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Literature / Blackguards: Tales of Assassins, Mercenaries, and Rogues

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Garret would be proud.

Whether by coin or by blood... YOU WILL PAY.

Blackguards is a anthology of anti-hero and rogue-themed stories published Ragnarok Publications and given an intro by Glen Cook. It is notable for being funded by one of the most successful literary Kickstarters of all time.

Featuring tales set in the worlds of Michael J. Sullivan's Riyria, David Dalglish's Dezrel, Mark Lawrence's The Broken Empire, Lian Hearn's Tales of the Otori, Mark Smylie's Sword and Barrow, Anthony Ryan's Raven's Shadow, Shawn Speakman's Chronicles of Annwn, Carol Berg's Sanctuary, James A. Moore's Seven Forges, Django Wexler's Shadow Campaigns, Laura Resnick's The Silerian Trilogy, Peter Orullian's Vault of Heaven, Kenny Soward's Gnome Saga, Paul S. Kemp's Egil and Nix, and more.

This book contains the following tropes:

  • Action Girl: Mainon, Jancy, Ceda, and Swech Tothis Durwrae.
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  • Antihero: Almost all of the heroes fall into one of the categories with most of them fitting into the upper side of the equation.
  • Asshole Victim: Most of the villains in the story. Played exceptionally straight in The Long Kiss where the victim is horrifically butchered but, honestly, had it coming.
  • The Atoner: Rosenwyn doesn't want to be a thief anymore, which makes her unique in the book's cast.
  • Black-and-Gray Morality: A feature in many of the stories.
  • Blue-and-Orange Morality: Najdan is a figure who believes in following his religious order's commands no matter what.
  • Classy Cat-Burglar: Rosenwyn used to be one of these but has changed her mind. Surprisingly, most of the women tend to be much more action orientated and swashbuckling than this trope tends to apply to.
  • Comically Missing the Point: Infamously, Glen Cook did this for the Foreword. He opened the book by praising Evil vs. Evil Villain Protagonist types, even citing The Iron Dream. This, despite the book being mostly Lighter and Softer fair about heroes on the wrong side of the law. It becomes Mood Whiplash when the second Foreword by the editor, J.M. Martin, following immediately after Glenn Cook's, talks about how his favorite rogue was Bilbo Baggins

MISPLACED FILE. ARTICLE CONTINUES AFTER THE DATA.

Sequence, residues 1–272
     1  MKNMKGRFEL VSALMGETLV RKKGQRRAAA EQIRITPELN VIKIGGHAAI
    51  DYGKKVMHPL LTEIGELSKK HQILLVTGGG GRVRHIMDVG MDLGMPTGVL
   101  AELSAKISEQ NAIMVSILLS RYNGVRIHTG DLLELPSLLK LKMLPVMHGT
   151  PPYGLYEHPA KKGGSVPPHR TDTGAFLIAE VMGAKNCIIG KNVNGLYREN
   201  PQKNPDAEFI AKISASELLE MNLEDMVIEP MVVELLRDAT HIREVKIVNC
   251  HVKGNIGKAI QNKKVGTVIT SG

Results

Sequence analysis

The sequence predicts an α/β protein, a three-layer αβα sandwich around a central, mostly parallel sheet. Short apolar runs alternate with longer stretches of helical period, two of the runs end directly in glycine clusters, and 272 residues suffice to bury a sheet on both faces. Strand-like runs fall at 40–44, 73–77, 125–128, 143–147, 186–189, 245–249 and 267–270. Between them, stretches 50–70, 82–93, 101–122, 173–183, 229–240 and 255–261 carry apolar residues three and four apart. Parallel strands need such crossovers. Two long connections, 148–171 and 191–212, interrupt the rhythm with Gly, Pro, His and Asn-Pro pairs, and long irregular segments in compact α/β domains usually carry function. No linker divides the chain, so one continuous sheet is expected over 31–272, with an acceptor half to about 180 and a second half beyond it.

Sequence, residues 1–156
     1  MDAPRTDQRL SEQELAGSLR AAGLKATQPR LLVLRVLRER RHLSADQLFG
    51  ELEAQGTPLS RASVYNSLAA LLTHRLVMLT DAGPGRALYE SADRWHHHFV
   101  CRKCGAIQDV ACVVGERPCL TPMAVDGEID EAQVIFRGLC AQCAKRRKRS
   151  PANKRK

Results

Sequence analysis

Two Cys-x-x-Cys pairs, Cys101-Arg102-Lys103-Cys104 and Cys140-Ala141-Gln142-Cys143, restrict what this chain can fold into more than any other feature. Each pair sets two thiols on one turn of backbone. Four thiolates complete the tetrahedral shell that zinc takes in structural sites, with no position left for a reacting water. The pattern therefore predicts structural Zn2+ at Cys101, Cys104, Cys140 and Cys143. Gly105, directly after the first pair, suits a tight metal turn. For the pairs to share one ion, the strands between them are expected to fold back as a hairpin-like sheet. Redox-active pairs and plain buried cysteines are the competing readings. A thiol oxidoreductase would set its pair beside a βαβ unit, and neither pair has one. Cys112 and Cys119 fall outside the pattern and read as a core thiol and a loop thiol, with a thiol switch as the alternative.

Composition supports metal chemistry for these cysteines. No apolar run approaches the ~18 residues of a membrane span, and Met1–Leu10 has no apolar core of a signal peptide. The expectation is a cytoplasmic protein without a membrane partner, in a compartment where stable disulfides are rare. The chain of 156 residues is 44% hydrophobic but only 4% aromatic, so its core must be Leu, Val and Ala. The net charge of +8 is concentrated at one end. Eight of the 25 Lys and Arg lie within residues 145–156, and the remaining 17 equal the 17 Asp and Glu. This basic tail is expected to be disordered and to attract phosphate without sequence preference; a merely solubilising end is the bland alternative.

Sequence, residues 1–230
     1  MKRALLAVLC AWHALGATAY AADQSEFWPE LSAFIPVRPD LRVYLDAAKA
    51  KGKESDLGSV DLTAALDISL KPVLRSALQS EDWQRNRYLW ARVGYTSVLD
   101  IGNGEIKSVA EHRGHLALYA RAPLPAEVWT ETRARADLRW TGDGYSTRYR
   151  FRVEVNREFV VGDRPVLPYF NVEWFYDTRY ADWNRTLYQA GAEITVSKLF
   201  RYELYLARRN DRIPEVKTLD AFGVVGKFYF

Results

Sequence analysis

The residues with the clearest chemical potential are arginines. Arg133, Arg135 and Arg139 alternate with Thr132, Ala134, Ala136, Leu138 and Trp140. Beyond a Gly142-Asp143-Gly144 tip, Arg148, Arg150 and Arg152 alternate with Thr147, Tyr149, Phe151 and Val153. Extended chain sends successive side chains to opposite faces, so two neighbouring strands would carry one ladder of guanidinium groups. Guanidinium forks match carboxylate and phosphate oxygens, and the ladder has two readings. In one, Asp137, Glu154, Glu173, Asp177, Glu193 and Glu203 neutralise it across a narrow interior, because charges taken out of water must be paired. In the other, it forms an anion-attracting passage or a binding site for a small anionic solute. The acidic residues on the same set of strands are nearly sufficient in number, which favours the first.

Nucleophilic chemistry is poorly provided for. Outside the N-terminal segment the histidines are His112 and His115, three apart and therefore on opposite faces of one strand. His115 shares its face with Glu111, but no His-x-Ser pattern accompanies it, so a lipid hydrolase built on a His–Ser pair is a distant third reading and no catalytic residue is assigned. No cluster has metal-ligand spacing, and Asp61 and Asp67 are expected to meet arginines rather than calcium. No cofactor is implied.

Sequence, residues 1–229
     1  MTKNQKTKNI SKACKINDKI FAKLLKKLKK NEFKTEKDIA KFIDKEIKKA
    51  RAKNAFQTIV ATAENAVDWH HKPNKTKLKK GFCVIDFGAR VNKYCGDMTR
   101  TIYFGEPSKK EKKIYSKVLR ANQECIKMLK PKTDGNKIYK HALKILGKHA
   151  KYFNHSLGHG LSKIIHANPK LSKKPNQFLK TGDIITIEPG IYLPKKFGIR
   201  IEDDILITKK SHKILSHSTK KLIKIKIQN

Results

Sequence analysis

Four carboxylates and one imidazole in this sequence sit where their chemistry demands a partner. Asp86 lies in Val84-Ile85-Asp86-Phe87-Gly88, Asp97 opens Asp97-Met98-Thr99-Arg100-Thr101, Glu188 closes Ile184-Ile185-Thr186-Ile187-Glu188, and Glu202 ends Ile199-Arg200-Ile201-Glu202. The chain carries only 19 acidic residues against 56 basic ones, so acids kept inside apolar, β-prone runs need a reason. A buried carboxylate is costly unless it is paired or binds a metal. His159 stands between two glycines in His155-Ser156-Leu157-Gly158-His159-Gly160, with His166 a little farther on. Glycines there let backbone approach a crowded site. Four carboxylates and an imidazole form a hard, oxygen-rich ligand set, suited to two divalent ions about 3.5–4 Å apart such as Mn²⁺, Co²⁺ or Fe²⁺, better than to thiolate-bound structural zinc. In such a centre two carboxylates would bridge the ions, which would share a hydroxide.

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  • Deadpan Snarker: Prevalent. Royce and Hadrian, probably, are the two biggest ones in the book.
  • Depraved Homosexual:
    • Rümayesh is an example of this, being a lesbian drug dealer in fantasy Arabia who keeps enraptured slaves.
    • Averted in Friendship which is built around a nobleman who is trying to call off the murder on his lover.
  • Doorstopper: The Kindle version is over seven hundred pages long.
  • Expy: Royce and Hadrian have quite a few similarities to Fafhrd and the Gray Mouser, though they're more inspired by them than direct take offs.
  • Fantastic Drug: Rümayesh sells literal dreams to her customers. It's what gives her the godlike control over her followers she has.
  • Guile Hero: A good half of the protagonists. Perhaps best displayed by Selden who comes up with a bizarre Xanatos Gambit to trick an incubus out of a Troll chieftain in Troll Trouble.
  • Gentleman Thief: Quite a few of the rogues.
  • Heterosexual Life-Partners: Royce and Hadrian are these.
  • Hitman with a Heart:
    • Mainon is one of these, being a woman who only kills those who have it coming.
    • Subverted in Friends and The Secret where the assassins are considerably less sympathetic.
  • Lovable Rogue: The majority of protagonists tend to be one of these.
  • Mood Whiplash: Quite a few of the stories suffer from this but the stand-out is A Length of Cherrywood which is a horrific story of a slaver in a book of Deadpan Snarker Lighter and Softer Guile Hero types.
  • Mugging the Monster: The Betyar and the Magus is a story about how a nobleman turned bandit screws up by robbing a powerful wizard on the road.
  • Pay Evil unto Evil: The assassin in The Long Kiss. She cuts the face off the bandit of the story after his confession and turns it into a mask—apparently what her order does.
  • The Reveal: Done brilliantly with a Bait-and-Switch in Professional Integrity. The obvious twist the daughter is a werewolf being locked up on the full moon turns out to have been a double-blind to distract her nobleman father from the fact they're smuggling goods through his basement. The girl actually doesn't suffer from lycanthropy at all but is being drugged and substituted with a wolf through stage magic.
  • Villain Protagonist:
    • Averted, surprisingly, for the majority of stories. Most of the heroes fall into the Lovable Rogue category.
    • Played straight in A Length of Cherrywood where the protagonist is complete scum.
    • Also played straight in The Secret.
  • Xanatos Gambit: Quite a few of these are in the story. For example, Mainon is about a complicated plan to assassinate a Duke by hiring a famed assassin to protect him while Professional Integrity is about a poor woman who has been framed for suffering a werewolf curse.
  • Zany Scheme: Impersonating a diplomat, a priest, and a marriage counselor for a Troll chieftain in Troll Trouble.


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